Practitioners with more formal education, and with higher social status, tend to have a more favorable outlook regarding change [17]. Adopters also are more likely to seek out information and have national professional contacts [17]. Organizational structure also can affect adoption of new practice and guidelines. Structural characteristics may include the organization's location, size, accreditation, and overall mission [18]. The mix of funding streams, and the related requirements for each entity that programs derive reimbursement or revenue from, is also a major structural or organizational factor influencing use of specific practices. Agencies that have managed care contracts are likely to be encouraged to standardize their practices and use of tools as the managed care companies seek to match requirements and reports across their networks. Organizational dynamics, climate, and the readiness to change are also integral components of the adoption of new technologies or practices [14]. Finally, Fixsen and colleagues developed a cycle of core components ("implementation drivers") including staff selection, training, consultation, and coaching (e.g., providing supervision, feedback, and emotional support) to frame the dynamic process of successful implementation [19].

Staff factors also may determine whether a new assessment tool or practice guideline is adopted into clinical practice. An examination of staff attitudes from the United States National Institute on Drug Abuse (NIDA) Clinical Trials Network indicated that personal beliefs regarding treatment affected clinical practice and the adoption of new interventions [20]. A survey of physicians' attitudes toward clinical guidelines or algorithms reported that physicians believed that guidelines were utilized more for cost containment purposes and less for quality improvement [21]. A more recent survey reported that substance abuse treatment professionals tend to have positive attitudes toward manualized treatment (e.g., beliefs that following a manual helps therapists evaluate and improve clinical skills, and enhances therapeutic outcomes) [22]. Further, increases in knowledge of the effectiveness of a medication and organizational support influence the use of a medication to treat substance dependence [15, 23]. There is, however, a paucity of work about the specific organizational qualities that affect implementation of standardized assessments and practice guidelines.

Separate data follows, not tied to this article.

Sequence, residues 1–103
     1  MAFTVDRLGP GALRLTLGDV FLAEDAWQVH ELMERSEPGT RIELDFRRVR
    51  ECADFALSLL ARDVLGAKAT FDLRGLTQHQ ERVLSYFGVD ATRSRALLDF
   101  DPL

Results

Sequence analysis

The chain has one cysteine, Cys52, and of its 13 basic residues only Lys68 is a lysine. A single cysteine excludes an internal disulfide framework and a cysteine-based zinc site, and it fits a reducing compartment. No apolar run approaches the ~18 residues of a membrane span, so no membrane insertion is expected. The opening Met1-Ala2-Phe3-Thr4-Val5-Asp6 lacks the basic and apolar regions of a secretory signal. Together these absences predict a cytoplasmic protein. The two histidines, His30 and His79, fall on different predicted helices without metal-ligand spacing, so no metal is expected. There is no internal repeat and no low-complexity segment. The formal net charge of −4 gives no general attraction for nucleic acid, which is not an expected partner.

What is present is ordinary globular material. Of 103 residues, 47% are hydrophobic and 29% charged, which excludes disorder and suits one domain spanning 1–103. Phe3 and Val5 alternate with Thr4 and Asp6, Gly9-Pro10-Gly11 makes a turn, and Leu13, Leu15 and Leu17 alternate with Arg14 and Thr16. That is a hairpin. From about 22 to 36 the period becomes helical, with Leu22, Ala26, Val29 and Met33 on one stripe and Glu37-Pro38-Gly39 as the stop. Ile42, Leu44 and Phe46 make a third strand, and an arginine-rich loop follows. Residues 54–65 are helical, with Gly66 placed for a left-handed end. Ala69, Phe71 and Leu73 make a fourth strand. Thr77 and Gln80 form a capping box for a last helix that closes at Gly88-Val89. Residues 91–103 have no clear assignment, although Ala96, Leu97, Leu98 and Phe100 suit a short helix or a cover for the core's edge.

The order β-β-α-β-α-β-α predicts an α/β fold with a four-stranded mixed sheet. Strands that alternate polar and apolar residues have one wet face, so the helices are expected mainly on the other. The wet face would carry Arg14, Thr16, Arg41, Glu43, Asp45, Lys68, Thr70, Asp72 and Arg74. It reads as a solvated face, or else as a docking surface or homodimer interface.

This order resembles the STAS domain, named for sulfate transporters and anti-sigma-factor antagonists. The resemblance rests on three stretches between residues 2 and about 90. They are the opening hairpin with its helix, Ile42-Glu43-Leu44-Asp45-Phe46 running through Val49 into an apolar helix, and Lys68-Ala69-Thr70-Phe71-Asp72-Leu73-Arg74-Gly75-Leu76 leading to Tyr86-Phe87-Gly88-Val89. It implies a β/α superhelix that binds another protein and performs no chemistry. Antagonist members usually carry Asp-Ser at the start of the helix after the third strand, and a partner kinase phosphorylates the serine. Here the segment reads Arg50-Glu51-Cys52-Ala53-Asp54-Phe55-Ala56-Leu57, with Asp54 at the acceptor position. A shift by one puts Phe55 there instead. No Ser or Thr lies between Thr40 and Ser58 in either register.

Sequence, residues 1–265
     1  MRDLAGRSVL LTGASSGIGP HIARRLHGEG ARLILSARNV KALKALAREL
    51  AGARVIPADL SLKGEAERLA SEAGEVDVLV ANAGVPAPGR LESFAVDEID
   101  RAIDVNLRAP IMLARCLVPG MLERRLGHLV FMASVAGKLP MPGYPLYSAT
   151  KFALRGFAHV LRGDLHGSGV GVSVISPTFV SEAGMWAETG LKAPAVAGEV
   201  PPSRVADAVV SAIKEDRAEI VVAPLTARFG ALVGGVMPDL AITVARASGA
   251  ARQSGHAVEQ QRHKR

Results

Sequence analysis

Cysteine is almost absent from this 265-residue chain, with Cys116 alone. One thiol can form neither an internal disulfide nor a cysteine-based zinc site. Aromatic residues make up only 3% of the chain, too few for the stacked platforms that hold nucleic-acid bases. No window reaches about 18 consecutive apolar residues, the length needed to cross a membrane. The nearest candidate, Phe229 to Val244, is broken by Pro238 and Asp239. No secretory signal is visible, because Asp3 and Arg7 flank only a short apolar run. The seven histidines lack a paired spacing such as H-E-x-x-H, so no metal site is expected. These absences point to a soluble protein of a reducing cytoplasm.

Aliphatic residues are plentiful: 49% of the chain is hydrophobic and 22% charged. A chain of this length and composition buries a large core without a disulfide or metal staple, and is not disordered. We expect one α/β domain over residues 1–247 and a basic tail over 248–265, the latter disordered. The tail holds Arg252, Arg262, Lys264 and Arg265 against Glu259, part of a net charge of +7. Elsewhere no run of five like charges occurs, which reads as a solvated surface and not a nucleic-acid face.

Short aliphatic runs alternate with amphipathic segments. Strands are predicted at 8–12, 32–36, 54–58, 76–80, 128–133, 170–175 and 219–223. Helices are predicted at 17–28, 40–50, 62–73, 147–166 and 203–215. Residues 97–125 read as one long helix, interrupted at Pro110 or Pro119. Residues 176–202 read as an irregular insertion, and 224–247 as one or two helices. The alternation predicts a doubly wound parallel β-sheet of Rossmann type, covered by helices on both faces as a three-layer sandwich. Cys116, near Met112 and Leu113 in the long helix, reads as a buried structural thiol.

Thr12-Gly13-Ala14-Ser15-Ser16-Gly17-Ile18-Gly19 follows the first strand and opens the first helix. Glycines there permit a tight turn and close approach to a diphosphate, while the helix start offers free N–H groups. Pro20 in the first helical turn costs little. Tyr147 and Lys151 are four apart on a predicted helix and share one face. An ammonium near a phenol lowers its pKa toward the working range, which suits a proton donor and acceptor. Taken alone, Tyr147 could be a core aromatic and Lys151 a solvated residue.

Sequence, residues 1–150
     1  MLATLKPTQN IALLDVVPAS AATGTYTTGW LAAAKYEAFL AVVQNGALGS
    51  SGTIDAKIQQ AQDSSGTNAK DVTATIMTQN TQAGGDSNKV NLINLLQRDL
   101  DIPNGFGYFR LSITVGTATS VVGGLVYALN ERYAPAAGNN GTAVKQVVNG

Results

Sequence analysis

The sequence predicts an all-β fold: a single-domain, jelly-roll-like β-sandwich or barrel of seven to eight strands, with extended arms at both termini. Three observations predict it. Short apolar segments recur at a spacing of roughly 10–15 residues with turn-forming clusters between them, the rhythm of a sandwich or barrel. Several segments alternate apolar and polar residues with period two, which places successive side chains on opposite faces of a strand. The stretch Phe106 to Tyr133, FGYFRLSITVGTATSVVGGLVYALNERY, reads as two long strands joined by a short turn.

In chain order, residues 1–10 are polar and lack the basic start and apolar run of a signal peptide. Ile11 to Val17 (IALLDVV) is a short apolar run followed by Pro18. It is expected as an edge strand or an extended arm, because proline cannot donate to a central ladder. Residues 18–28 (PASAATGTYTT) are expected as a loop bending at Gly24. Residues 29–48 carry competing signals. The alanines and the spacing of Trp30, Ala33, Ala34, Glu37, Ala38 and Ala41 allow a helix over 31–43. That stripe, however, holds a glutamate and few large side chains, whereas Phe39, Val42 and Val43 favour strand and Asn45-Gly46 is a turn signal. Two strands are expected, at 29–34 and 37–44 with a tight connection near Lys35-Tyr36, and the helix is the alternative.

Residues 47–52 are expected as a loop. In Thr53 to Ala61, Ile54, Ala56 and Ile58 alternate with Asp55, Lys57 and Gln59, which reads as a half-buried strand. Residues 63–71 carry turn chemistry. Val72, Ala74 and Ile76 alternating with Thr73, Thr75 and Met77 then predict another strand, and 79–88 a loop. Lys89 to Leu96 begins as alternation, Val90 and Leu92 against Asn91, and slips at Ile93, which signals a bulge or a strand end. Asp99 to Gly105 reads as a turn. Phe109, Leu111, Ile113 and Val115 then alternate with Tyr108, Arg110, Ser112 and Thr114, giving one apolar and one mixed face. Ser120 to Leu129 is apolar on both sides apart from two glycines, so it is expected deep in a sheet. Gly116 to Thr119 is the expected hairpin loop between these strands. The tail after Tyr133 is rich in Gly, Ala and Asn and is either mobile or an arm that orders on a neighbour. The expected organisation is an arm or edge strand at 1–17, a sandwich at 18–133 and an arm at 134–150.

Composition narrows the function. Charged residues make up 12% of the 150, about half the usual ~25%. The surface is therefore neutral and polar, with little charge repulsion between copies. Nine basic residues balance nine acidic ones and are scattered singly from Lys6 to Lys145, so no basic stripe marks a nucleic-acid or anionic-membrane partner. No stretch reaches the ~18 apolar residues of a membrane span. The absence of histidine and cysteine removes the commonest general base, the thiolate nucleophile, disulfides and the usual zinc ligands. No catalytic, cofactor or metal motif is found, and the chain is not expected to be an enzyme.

Examination of utilization of practice guidelines and standardized tools may provide insight regarding agency and counselor factors associated with successful adoption for treatment planning and adaptations in service delivery. This study examines the organizational, staffing, and service characteristics that predict utilization of science-based practice tools and practice guidelines in outpatient substance abuse treatment programs.


The New England Outpatient Survey [24] assessed the routine use of ASAM criteria for patient placement, use of treatment manuals (CSAT TIP documents; NIDA Therapy Manuals for Drug Addiction) and use of assessment tools such as the Addiction Severity Index [25] and the Beck Depression Inventory [26]. Organizational characteristics were assessed including agency size, funding sources, educational level, number of staff in recovery, and agency mission. Surveys completed in 1997, 1999, and 2001 assessed staff and agency characteristics, current practices, and innovations used in treatment. The 1997 and 2001 cohorts were examined in this paper.


All licensed outpatient substance abuse treatment programs in the six New England states (CT, NH, ME, MA, RI, & VT) were included in the study sample. After accounting for programs that merged, moved or changed names, and programs operating multiple facilities, the list of potential outpatient centers included 341 organizations in 1997 [27]. Introductory letters were mailed, followed by a survey packet mailed one month later. Follow-up calls were placed to all treatment programs to confirm receipt of the packet, answer questions, draw attention to the study, and emphasize the importance of a timely response. The call concluded with scheduling an appointment with a research assistant for a telephone interview. Lost surveys were replaced and missed appointments were rescheduled as needed to ensure a representative sample. The full sample of respondents in 1997 (n = 281 agencies, 83% completion rate) consisted of directors or their representatives at freestanding substance abuse facilities (34%; n = 98), community mental health services (31%; n = 88), hospitals and integrated health care systems (18%; n = 51), and social service agencies and other types of programs (15%; n = 44).